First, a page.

Florence Nightingale (1820–1920)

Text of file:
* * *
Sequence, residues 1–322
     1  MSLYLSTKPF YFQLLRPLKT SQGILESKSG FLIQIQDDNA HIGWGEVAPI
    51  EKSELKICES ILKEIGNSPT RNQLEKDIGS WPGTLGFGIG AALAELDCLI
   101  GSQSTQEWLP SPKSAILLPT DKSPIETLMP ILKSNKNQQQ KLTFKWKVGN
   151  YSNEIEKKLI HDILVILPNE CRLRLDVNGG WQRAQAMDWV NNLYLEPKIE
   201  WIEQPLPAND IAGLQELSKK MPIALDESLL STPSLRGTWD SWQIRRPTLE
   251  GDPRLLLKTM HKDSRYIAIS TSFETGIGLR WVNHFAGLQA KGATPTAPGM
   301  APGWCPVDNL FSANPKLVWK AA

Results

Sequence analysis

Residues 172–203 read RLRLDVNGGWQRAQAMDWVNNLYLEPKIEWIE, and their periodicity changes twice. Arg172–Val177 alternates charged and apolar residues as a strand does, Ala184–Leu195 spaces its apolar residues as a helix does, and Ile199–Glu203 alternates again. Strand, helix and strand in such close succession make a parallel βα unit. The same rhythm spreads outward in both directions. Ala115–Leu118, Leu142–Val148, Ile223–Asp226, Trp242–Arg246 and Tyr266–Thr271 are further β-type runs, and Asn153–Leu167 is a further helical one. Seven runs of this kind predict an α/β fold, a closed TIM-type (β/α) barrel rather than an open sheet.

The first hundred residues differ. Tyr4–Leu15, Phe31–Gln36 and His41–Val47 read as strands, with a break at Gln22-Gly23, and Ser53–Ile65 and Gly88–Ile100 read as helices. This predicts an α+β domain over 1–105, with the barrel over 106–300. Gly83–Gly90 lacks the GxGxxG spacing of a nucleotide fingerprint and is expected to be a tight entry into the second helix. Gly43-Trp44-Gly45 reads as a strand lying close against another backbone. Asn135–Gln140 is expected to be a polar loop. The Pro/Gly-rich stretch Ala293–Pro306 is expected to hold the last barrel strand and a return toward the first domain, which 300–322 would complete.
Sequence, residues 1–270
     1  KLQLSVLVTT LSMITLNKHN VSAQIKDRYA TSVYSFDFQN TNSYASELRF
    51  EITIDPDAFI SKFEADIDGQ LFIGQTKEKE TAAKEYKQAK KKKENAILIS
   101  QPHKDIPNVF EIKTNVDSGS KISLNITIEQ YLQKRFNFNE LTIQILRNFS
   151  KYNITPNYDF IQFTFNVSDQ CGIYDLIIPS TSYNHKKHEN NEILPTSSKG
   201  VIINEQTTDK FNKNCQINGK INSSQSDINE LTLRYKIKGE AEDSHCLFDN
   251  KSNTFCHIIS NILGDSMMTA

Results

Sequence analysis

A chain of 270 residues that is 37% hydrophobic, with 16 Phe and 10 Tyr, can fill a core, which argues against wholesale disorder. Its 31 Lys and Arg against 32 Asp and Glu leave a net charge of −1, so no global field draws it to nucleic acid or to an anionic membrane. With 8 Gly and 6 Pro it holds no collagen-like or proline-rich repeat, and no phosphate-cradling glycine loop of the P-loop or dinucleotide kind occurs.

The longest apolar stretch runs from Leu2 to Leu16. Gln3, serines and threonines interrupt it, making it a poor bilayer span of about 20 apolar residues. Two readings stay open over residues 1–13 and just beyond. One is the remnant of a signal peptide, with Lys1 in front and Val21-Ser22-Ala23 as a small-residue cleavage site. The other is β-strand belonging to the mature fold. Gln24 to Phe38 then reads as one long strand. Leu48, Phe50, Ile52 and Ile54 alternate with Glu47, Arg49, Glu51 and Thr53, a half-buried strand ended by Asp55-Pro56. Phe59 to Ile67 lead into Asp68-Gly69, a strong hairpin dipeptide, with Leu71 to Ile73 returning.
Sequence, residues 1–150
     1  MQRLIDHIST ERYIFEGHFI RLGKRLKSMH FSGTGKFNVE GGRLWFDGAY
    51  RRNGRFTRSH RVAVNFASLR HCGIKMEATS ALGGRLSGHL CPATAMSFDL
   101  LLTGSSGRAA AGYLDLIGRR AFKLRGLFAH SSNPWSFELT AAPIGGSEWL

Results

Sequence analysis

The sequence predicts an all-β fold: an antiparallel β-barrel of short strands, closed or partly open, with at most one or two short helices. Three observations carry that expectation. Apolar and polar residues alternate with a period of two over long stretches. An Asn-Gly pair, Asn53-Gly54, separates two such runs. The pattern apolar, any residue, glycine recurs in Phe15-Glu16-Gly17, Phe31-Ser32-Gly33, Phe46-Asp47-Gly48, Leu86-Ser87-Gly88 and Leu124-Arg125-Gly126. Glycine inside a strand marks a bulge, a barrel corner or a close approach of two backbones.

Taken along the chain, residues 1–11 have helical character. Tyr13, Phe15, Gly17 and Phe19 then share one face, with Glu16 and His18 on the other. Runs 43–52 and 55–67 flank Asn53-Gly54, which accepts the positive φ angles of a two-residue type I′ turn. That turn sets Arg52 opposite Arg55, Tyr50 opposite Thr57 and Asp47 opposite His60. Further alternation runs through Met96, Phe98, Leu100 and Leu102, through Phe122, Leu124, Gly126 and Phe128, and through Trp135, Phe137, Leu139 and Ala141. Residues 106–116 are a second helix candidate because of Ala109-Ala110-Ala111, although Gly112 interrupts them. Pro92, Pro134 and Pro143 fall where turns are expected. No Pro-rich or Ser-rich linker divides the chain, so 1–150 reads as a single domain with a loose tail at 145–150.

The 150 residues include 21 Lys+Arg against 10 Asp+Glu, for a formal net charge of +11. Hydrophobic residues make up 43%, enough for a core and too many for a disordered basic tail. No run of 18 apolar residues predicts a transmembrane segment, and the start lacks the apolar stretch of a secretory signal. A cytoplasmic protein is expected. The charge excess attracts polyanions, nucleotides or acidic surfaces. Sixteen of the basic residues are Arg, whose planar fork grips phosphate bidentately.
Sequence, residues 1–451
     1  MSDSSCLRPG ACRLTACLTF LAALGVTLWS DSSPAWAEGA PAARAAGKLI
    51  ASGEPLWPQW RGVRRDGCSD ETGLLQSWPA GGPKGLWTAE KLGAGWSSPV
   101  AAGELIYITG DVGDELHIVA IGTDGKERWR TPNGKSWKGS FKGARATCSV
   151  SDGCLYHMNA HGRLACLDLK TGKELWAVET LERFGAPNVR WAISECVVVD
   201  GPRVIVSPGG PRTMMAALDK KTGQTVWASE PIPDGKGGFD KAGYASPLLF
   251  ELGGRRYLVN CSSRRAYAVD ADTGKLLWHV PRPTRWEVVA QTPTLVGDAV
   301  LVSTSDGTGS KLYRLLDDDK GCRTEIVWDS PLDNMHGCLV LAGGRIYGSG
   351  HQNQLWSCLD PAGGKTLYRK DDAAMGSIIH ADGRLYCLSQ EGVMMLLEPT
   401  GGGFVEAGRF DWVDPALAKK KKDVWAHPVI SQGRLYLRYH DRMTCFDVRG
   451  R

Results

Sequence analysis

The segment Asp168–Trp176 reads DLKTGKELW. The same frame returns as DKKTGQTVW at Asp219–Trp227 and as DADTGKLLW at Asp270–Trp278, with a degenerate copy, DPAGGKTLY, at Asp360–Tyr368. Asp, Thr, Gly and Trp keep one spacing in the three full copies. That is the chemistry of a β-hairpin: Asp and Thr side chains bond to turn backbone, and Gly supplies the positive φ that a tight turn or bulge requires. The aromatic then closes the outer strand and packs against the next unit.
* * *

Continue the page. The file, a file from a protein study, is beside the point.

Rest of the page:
Florence Nightingale was a brilliant medical analyst, a reformer who championed the use of statistics for evaluating the practice of medicine. After the Crimean War (1853–1856) where she witnessed how thousands of British soldiers died from infections, Nightingale visited almost every hospital in Europe, analyzed them and then wrote up her findings in “Notes on Hospitals,” which became the guide to hospital architecture for the next century. Its opening sentence states: “It may seem a strange principle to enunciate as the very first requirement in a hospital that it should do the sick no harm. It is quite necessary, nevertheless, to lay down such a principle.” She understood the importance of adhering to Medicine’s first ethical principle — even in the absence of anesthesia, antisepsis, oxygen, IVs or antibiotics. She laid out in a graphic chart one of the first hospital mortality statistics ever collected, recognizing the importance of statistics to discover the causes of serious injury and mortality in medicine: “To understand God’s thought, we must study statistics.”